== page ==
Actually, the Congress wishes it otherwise as well, a return to simpler times, but they boxed themselves in and now must live in that box, while they and the nation twist in the wind.
Ten Percent of the Senate chose to ride off into the sunset with Fritz Hollings, rather than run again under present circumstances; Max Baucus, D-Mont., (6 terms), Saxby Chambliss, R-Ga., (2 terms), Tom Harkin, D-Iowa, (5 terms), Mike Johanns, R-Neb., (1 term), Tim Johnson, D-S.D., (3 terms), Frank Lautenberg, D-N.J., (5 terms), Carl Levin, D-Mich., (6 terms), Jay Rockefeller, D-W.Va., (5 terms), Jim DeMint, R-S.C., (2 terms) and John Kerry, D-Mass., off to be Secretary of State, (5 terms).
180 years of combined experience gone, disappearing over the horizon, as guys like Jon Corzine spend over $62 million to sit in their chair. It’s been a long time since Mr. Smith went to Washington.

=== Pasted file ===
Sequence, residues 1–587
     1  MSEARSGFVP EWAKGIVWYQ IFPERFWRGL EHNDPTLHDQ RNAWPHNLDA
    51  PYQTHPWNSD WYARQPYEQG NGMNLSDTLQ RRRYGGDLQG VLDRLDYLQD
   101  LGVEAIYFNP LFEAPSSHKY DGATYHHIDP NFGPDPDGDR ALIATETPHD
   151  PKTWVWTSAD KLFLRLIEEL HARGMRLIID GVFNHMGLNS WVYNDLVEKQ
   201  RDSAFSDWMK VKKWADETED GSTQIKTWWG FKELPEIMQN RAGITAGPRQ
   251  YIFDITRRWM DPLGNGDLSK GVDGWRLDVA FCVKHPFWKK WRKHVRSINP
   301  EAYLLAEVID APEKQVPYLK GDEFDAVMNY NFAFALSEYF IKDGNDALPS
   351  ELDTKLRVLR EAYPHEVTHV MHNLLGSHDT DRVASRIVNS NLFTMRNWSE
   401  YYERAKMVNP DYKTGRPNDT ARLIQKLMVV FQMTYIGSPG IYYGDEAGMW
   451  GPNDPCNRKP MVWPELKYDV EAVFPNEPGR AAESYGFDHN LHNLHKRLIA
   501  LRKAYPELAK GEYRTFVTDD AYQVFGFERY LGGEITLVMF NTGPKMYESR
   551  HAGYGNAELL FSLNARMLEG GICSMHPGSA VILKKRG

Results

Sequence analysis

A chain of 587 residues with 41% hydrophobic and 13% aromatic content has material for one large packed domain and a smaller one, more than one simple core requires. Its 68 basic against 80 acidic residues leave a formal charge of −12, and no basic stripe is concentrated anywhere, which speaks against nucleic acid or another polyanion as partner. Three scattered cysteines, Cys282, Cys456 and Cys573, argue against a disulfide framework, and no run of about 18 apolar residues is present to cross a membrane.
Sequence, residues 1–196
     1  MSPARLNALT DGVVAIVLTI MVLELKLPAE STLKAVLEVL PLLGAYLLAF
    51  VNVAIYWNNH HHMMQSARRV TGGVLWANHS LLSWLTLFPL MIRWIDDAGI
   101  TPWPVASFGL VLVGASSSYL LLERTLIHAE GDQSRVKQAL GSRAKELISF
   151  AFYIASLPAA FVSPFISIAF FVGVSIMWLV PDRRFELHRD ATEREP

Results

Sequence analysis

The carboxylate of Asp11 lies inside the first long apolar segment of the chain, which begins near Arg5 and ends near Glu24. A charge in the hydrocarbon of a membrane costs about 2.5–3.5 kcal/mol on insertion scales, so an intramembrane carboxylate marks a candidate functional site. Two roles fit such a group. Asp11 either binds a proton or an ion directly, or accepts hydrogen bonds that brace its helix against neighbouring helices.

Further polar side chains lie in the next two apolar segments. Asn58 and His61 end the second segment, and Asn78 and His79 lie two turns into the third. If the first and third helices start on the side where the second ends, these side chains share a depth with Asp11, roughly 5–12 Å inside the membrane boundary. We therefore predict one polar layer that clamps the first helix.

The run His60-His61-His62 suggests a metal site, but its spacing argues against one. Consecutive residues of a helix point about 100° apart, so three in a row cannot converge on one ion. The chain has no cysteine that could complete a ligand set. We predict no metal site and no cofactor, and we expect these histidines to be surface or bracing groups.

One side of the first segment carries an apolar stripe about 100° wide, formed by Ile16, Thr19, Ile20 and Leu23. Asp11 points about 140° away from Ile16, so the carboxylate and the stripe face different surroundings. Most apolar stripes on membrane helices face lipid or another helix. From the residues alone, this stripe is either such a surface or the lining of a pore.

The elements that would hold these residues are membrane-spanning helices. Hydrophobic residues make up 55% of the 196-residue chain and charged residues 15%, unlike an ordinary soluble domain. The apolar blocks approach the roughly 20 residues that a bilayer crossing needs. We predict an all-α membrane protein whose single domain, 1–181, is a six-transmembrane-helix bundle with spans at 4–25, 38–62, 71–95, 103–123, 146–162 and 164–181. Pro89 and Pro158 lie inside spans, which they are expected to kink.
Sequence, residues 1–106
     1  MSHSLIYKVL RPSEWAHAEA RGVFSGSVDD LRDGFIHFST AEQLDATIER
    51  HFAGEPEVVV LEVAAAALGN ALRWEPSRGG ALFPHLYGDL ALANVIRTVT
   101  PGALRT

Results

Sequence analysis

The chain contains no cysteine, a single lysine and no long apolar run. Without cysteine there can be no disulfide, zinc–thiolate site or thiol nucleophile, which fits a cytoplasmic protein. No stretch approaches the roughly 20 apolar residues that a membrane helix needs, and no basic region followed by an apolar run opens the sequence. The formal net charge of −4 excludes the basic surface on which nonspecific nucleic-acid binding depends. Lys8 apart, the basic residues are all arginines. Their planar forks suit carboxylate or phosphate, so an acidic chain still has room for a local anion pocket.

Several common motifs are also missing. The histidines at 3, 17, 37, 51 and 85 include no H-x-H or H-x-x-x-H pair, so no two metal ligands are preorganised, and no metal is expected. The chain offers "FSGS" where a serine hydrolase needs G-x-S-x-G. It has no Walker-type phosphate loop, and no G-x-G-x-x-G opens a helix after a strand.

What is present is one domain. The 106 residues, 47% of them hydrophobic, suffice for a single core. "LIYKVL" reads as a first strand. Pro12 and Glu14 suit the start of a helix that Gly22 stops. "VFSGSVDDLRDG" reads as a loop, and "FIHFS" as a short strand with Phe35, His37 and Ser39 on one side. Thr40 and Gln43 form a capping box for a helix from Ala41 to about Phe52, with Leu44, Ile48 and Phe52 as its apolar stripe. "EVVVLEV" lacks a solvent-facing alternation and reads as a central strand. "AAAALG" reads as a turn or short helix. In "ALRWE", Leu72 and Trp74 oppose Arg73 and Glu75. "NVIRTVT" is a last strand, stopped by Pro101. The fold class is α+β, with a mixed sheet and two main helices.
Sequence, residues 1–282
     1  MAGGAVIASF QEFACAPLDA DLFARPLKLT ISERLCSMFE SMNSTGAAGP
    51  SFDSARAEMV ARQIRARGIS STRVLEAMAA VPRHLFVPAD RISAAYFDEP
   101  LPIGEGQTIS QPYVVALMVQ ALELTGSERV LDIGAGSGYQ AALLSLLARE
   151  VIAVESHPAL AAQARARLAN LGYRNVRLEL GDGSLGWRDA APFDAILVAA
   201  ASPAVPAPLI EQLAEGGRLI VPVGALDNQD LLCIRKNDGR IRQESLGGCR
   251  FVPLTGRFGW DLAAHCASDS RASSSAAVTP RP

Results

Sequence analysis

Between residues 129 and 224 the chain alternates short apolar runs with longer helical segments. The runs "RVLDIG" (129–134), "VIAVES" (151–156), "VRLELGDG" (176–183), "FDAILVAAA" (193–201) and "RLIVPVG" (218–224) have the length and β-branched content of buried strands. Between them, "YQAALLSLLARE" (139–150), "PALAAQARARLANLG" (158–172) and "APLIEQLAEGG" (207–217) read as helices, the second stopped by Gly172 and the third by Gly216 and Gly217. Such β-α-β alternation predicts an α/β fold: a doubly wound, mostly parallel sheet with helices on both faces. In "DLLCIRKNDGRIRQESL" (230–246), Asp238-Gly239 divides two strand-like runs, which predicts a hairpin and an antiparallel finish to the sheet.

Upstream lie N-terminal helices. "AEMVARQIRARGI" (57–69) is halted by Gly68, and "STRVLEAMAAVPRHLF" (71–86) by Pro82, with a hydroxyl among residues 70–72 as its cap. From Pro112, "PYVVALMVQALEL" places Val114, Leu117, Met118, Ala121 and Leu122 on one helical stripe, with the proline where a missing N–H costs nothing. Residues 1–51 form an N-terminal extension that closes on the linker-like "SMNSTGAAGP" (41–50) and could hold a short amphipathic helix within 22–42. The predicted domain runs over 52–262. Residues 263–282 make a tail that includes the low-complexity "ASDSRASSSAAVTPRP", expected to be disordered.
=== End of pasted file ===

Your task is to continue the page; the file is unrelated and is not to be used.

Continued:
But the dilemma must be solved or the very fabric of the Republic, already frayed and torn, will fall to pieces at our feet. We are too good for that, too inventive, robust, multi-cultural, hard-working and free to allow such a thing to happen to our treasured Republic. It is common for argument to haul out a Thomas Jefferson quote, polish it up a bit and present it like a mouse dropped at the feet. But two are useful to this discussion:
“Rightful liberty is unobstructed action according to our will within limits drawn around us by the equal rights of others. I do not add 'within the limits of the law' because law is often but the tyrant's will, and always so when it violates the rights of the individual.”
Certainly the laws the Congress has drawn to protect and conserve itself are tyrannical and in direct conflict to our rights as citizens.
“I place economy among the first and most important republican virtues, and public debt as the greatest of the dangers to be feared. To preserve our independence, we must not let our rulers load us with perpetual debt.”
‘Economy’ is no longer in our lexicon. A self-serving and feckless Congress replaced problem-solving with borrowed money, to kick the cans of incredible problems here at home down the road. Inattention, disinterest and self-interest all combined to shackle the nation to the oars of perpetual debt.
If not this, then what? Presuming the Congress incapable of curing its own disease, only two directions are possible--rehabilitation or collapse.